So in an effort to find 6 row malt locally I have started to consider the use of enzymes (been doing NChoochs bourbon with 2row and having a poor conversion) .... I have a brew shop that stocks Crosby and Baker products and she can get powdered Amylase enzyme no problem, but they sell the gluco-amylase in a liquid form here's a link http://crosby-baker.com/index.php/processing-aids/enzymes.html
Its the 9576A Convertase AG-300, 1/2 Liter
I'd like to use this for doing rice washes for a nice vodka as well
Besides the flavors and sugars that Dnder mentioned, with the 2-row you are getting a whole spectrum of enzymes, the most important being the Beta Amylase. With just the alpha and gluco you are limited in your ability to convert your starches. Gluco really doesn't do that much, and with just alpha you will end up with some un-fermentable sugars. If your mashing process is done properly the combination of the alpha and beta in the 2-row will maximize your fermentable sugars. Another consideration is the corn you are using. Feed grade cracked corn typically has low yields, so the greater the percentage of cracked corn in your grain bill the lower amount of sugars you will get. So, by increasing the amount of 2-row you will increase your yield. I use powdered alpha in my mashing process only to somewhat thin the corn out while cooking. I find little use for it other than that.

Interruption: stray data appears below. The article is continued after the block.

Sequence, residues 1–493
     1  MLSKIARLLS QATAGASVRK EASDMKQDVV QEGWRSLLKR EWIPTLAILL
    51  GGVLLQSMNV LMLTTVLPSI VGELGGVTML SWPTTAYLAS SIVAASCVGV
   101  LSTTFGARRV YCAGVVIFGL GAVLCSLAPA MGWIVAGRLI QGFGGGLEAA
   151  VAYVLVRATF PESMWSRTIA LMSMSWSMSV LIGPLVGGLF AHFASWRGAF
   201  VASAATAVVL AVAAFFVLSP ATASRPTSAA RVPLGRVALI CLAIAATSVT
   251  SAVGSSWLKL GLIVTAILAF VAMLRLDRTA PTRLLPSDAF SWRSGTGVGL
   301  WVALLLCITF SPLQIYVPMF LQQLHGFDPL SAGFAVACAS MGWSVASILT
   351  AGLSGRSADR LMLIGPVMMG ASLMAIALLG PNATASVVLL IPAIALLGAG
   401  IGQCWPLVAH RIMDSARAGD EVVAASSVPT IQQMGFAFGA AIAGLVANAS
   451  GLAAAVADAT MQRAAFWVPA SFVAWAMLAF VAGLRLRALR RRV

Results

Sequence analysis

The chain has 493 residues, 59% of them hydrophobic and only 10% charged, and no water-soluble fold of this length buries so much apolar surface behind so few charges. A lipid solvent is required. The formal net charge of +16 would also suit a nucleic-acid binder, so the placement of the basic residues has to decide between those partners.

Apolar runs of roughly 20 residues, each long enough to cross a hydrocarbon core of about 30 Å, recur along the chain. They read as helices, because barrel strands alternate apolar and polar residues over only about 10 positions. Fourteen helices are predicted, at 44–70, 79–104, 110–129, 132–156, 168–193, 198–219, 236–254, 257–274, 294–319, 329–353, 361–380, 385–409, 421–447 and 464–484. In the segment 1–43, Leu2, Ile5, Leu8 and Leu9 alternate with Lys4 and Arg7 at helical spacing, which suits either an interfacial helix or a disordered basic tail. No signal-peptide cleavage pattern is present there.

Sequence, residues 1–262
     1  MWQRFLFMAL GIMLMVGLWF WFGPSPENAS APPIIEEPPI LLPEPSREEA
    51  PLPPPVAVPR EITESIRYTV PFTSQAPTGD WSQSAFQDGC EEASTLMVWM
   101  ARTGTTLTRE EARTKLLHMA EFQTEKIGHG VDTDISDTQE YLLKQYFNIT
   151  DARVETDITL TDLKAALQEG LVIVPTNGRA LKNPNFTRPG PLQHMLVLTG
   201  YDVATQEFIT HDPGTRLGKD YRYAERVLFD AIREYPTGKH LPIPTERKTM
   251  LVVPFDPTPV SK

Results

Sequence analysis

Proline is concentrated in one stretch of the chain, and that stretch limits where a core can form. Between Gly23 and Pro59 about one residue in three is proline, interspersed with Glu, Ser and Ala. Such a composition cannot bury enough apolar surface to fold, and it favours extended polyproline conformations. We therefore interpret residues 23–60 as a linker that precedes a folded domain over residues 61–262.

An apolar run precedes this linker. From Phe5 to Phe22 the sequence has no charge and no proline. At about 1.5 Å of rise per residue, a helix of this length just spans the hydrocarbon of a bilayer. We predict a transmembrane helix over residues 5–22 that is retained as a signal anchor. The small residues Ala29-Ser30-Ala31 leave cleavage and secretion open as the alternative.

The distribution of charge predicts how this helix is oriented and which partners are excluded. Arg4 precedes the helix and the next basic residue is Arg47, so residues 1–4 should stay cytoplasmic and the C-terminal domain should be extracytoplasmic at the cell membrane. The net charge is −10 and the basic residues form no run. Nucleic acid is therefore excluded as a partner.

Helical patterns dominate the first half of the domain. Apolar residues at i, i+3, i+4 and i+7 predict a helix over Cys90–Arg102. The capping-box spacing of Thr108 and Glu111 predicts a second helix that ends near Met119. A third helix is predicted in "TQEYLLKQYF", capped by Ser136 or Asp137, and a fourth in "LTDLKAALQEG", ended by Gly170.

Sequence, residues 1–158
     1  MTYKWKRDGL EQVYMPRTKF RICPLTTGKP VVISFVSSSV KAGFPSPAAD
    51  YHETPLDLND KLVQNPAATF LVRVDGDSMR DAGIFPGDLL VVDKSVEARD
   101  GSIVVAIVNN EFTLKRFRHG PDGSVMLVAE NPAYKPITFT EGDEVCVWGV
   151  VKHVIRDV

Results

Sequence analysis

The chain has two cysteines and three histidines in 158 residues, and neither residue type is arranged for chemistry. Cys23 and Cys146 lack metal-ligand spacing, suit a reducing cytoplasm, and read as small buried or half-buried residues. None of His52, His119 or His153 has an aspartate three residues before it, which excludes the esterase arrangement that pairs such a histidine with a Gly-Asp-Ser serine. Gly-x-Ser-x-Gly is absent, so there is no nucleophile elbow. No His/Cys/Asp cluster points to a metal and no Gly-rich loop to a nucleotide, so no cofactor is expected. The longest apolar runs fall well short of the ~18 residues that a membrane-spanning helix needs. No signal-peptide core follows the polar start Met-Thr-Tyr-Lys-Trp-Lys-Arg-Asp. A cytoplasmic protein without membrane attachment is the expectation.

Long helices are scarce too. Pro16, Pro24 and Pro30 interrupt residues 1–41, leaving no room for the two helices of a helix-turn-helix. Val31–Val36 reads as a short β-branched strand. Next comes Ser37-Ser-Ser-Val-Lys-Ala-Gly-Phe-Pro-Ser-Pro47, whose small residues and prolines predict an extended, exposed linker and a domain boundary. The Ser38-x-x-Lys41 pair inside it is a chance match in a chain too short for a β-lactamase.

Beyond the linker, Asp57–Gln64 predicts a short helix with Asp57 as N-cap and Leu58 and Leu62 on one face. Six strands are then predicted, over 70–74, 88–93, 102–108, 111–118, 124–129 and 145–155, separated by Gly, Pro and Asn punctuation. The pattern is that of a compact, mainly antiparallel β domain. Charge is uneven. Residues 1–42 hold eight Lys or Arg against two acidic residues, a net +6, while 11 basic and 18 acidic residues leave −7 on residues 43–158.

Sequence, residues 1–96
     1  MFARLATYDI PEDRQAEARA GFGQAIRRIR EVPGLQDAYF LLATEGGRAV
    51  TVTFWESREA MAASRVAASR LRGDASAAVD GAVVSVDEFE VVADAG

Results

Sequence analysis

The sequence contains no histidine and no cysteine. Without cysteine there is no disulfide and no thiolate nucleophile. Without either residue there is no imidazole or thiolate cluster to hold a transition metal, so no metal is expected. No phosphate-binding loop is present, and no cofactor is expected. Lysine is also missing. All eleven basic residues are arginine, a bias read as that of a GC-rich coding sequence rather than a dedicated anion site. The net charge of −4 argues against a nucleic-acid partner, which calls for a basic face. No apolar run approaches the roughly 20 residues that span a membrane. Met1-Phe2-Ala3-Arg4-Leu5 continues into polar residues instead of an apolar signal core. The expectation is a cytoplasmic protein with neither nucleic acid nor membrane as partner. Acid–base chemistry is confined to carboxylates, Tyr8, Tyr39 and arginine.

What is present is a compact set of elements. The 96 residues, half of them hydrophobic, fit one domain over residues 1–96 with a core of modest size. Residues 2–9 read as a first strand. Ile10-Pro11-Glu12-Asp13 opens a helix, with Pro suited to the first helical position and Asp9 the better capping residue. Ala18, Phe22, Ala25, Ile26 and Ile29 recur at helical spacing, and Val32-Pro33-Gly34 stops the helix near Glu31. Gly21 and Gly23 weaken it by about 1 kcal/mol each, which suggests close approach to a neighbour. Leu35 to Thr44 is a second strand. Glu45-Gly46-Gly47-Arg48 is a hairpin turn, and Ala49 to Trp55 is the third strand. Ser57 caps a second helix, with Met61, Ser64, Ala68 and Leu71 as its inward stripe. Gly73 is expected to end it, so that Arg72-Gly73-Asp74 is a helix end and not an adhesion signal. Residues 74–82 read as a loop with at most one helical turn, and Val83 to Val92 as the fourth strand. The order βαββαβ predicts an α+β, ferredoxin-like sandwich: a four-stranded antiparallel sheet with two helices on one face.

That being said, the DP ratio in your grain bill isn't necessarily a limiting factor in conversion. I have used a DP ratio as low as 24 L/lb and had good conversion. It's much more about understand what's going on, understanding the mashing process, and being precise and meticulous in your procedures.
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